'Italy Bound To Default,' Think Tank Says

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Italy will default and fall victim to the eurozone debt crisis due to its weak economy, according to a think tank.

Italy and Spain, the eurozone's third and fourth largest economies, are both facing pressure from markets to sort their economies out.

But Italy should be the focus, according to the Centre for Economics and Business Research (CEBR) , as it is likely to be the next victim of the debt crisis.

Italy's starting debt position is at 128%, much worse than Spain's 75%.

Italian Prime Minister Silvio Berlusconi's £38bn austerity package is not tight enough, and will not be able to repair its weak economy, says the think tank.

Mr Berlusconi sought to calm fears the country is headed for a financial abyss in a speech to Parliament on Wednesday, in a bid to halt stocks crashing further.

His remarks, which followed trading yesterday, helped the Italian market recover 2% of its value on opening this morning.

Wider european stock markets also rebounded after days of sustained losses - largely due to a lack of further damaging data.

The FTSE 100 gained 1% in its first few minutes' trading while Germany's Dax and the French CAC 40 also saw similar additions.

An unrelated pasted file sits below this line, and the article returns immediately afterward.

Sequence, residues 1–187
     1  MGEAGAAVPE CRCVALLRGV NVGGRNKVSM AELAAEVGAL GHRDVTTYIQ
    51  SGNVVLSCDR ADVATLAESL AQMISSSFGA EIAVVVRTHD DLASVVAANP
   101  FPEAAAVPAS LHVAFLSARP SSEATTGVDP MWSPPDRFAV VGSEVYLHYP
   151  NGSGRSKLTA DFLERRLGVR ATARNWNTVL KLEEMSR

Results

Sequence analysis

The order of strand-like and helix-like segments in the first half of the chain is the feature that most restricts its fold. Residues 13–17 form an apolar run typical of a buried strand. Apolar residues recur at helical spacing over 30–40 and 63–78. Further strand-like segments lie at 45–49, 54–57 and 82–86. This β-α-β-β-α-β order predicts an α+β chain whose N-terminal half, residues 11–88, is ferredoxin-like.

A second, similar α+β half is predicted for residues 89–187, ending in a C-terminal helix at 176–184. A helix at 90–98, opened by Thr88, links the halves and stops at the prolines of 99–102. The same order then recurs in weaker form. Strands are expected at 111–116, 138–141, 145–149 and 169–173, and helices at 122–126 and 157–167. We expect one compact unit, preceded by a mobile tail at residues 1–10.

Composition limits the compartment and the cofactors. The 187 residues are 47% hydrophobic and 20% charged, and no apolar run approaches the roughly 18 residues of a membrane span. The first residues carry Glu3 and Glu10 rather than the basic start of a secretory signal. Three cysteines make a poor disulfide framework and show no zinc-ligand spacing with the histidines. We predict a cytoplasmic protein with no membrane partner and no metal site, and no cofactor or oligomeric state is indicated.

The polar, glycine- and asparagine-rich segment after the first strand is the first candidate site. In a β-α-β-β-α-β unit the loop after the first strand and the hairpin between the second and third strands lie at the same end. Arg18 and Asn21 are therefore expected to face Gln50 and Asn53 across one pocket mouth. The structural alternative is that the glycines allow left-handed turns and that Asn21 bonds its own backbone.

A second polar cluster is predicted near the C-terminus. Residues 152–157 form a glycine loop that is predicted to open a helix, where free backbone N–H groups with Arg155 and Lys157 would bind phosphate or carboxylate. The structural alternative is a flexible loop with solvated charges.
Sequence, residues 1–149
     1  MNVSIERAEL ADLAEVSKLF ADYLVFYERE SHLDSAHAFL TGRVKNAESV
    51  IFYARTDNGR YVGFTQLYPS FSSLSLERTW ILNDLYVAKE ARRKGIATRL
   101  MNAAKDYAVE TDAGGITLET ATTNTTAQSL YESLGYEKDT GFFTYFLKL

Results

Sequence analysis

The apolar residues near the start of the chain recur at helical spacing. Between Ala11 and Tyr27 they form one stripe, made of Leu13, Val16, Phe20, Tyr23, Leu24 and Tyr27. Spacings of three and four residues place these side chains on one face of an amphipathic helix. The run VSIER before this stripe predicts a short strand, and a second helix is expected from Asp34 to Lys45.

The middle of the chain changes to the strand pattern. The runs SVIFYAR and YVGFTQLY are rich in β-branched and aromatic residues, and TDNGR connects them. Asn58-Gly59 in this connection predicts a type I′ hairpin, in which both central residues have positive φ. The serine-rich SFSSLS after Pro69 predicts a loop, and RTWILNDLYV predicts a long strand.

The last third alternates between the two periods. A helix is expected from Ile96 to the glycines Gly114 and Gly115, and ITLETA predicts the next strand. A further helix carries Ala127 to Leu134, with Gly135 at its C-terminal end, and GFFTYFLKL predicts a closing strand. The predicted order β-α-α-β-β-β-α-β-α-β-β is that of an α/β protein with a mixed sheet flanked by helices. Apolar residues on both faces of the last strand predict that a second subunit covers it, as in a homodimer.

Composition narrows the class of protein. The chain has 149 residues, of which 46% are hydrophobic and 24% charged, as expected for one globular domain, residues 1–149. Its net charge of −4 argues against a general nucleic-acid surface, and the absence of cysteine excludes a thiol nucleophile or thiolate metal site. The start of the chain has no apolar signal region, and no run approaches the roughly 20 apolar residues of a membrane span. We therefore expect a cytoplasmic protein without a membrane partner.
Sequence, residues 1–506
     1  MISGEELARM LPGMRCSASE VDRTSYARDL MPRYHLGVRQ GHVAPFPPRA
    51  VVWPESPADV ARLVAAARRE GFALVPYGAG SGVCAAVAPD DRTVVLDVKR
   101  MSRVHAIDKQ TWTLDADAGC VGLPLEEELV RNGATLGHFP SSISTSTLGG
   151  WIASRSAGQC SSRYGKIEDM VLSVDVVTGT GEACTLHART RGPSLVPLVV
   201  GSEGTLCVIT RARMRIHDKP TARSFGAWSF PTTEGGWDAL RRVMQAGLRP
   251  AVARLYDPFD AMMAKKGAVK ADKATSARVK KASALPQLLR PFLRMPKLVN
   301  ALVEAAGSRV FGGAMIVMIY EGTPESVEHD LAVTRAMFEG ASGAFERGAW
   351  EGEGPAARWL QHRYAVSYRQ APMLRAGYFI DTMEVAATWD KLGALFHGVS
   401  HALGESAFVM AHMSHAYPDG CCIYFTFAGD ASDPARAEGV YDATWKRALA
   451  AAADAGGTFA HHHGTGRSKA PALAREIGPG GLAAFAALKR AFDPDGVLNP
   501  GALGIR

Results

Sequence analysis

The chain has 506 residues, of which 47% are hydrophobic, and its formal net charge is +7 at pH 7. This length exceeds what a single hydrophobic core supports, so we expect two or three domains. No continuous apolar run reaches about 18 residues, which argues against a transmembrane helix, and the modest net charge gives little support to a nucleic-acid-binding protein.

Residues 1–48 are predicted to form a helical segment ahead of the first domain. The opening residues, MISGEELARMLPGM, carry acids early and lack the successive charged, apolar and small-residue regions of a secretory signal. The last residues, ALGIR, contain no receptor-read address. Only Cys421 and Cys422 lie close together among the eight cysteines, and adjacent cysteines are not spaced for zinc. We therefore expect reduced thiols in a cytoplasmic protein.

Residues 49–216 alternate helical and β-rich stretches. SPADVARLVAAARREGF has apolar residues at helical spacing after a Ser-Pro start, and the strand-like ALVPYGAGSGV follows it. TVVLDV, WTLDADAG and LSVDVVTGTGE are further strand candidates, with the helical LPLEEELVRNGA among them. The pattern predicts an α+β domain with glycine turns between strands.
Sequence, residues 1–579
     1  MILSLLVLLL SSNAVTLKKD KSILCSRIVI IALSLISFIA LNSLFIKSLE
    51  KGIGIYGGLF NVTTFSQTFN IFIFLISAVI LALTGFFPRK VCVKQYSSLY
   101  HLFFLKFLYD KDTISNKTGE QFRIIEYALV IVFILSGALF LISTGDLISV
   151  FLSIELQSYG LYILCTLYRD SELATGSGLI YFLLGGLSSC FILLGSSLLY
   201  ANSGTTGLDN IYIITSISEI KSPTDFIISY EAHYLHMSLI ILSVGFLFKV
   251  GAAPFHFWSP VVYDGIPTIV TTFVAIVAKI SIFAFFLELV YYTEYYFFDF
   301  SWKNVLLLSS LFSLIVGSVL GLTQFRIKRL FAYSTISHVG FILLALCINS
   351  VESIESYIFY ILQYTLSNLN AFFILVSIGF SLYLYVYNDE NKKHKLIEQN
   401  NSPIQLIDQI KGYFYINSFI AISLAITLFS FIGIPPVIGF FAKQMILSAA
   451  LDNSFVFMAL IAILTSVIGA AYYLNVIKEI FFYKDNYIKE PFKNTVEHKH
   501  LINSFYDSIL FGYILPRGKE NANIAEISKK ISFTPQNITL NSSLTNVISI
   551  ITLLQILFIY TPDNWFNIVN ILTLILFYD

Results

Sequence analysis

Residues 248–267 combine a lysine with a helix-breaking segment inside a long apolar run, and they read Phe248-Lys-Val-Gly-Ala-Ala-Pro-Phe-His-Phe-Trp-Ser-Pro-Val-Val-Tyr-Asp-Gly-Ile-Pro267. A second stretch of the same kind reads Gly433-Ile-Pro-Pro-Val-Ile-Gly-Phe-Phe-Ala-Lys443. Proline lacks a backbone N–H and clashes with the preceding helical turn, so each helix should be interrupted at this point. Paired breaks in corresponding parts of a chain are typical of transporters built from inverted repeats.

But that does not mean the sense of crisis is over.

The CEBR points out that, with Italy's economy twice as big as Greece, Portugal and the Irish Republic combined, a bailout would probably be unaffordable for the eurozone.

It would, in fact, mean the end of the eurozone altogether, the CEBR said.

Spain, on the other hand, will most likely get away without defaulting as its exports remain fairly successful despite the strength of the euro, the think tank said.

Spanish Prime Minister Jose Luis Zapatero has in recent days sought to adopt a more proactive stance on tackling the crisis.

He has called for an early election to "create political and economic certainty", and delayed his summer holiday to deal with economic reforms.

Yields on Spanish and Italian 10-year bonds hit their highest levels since the launch of the euro on Tuesday, meaning that it would cost both countries' governments more to borrow money if they wanted to.

Their 10-year bond yields stood at 6.24% and 6.10%, respectively, on Wednesday.

The gap between them has narrowed as Italy has now overtaken Spain as the main focus of market concern about debt sustainability.

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